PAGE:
Designing for Mobile Web

If we've entered any particular age or genre in web development, it's most likely that of accessibility. We can now view web pages on almost any device and, WiFi permitting, from almost anywhere in the world. What's even cooler is that we finally have the tools to make web pages usable, functional, and beautiful without designing entirely separate apps for the mobile experience.

The objective of this lesson is to learn a few new tricks to make designing and building responsive web applications a little less painful. With a few lines of code and some low-cost and reusable assets, we can dazzle and delight our users on any platform.

  1. Understanding Mobile Patterns

    Design is mostly a trained eye. And a big part of training your eye to know good design is learning how to recognize patterns. Browse this breakdown of different mobile layout patterns to see if you can identify which of these you've seen in the wild. Then, try and identify the mobile pattern that would work best for what you're working on now, or maybe for projects you've worked on in the past.

  2. Tackling Visual Solutions for UX Challenges

    A great way to learn how to design for mobile is to experience and play with other applications. Take note of what works and what doesn't. Explore this mobile pattern library and look for visual solutions to common UX challenges like Search, List Views, and Sign Up Flows.

  3. Digging into the Code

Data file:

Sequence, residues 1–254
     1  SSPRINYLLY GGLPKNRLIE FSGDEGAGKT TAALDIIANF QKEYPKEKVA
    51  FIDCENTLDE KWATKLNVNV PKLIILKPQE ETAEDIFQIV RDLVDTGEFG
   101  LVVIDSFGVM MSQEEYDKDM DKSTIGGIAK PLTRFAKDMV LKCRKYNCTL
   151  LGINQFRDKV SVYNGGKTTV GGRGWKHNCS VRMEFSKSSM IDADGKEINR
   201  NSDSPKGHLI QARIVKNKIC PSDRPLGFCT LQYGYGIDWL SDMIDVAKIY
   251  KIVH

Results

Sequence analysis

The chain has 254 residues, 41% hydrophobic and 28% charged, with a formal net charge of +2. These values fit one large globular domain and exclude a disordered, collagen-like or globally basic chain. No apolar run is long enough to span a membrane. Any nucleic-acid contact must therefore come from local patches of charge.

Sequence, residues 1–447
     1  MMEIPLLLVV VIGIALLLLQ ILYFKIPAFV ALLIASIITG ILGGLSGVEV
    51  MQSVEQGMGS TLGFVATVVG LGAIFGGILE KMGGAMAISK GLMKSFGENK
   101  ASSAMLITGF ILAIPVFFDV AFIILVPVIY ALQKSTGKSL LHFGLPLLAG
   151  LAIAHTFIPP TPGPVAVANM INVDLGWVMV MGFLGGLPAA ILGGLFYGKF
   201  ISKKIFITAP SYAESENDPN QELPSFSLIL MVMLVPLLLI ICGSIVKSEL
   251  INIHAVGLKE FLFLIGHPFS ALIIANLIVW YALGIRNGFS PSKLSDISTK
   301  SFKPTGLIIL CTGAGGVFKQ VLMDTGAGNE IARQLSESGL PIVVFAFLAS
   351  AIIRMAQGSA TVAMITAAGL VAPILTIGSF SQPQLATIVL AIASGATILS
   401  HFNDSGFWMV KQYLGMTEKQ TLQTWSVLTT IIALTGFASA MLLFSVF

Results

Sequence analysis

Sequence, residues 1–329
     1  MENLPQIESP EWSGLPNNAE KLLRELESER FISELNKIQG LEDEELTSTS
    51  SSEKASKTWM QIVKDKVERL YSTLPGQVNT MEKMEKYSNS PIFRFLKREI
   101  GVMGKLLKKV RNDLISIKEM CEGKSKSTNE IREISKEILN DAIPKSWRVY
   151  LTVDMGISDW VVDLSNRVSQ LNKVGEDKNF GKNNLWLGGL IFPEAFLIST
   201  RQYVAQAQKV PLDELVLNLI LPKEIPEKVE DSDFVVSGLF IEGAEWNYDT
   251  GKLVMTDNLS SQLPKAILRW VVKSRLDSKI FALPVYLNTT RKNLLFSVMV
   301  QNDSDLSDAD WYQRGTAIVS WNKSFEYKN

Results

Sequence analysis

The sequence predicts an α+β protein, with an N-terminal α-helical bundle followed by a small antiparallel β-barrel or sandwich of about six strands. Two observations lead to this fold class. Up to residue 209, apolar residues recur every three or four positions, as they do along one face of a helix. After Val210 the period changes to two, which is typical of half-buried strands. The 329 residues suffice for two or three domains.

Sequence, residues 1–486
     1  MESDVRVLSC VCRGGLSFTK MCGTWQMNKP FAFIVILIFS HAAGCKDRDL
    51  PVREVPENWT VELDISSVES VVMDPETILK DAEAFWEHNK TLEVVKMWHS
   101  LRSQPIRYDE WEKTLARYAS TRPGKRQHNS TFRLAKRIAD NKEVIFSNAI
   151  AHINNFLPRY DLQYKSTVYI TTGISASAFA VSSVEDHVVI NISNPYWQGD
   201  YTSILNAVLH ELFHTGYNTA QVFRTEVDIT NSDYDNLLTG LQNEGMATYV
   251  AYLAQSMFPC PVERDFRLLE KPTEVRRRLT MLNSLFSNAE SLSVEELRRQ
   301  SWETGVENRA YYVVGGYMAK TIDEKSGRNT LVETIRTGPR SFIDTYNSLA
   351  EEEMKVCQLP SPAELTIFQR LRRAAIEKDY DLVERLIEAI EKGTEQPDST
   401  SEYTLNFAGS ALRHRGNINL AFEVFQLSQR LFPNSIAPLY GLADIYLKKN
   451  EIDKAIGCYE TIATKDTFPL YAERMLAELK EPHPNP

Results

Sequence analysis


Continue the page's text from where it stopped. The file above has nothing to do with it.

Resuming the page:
Time to write some mobile friendly CSS! Read through the documentation for Bootstrap's Responsive Design to learn how to write conditional CSS based on a device's width or viewport. Now try styling some of your web application's elements differently using Bootstrap's media queries. Drag your browser window back and forth to see them in action. You can even hide and show elements based on the width of the device.

  4. Reusable UI Resources for the Win

    It's good to use a visual language in your applications that your users will understand. Most icon fonts are modeled after bulletproof visual language and can also lend you a ton of versatility when you're coding. You can scale an icon's width and height just by changing the font-size attribute in your CSS. You can even add cool effects like image-mask overlays to give your icons gradients. And because these icons scale the way fonts do, you don't have to make any CSS changes for them to look great on retina displays.

  5. Adding Some High Resolution Personality to your Designs

    If you're a developer, you probably don't spend a lot of time in Photoshop designing pixel-perfect swatches for stylish background images. Subtle Patterns provides you with a ton of well-designed and royalty-free background images ready for download. The image .zip even comes with the 2x image for retina support. Download a few and see if you can't find the perfect background swatch for your website.

Finally, an easy to follow design course

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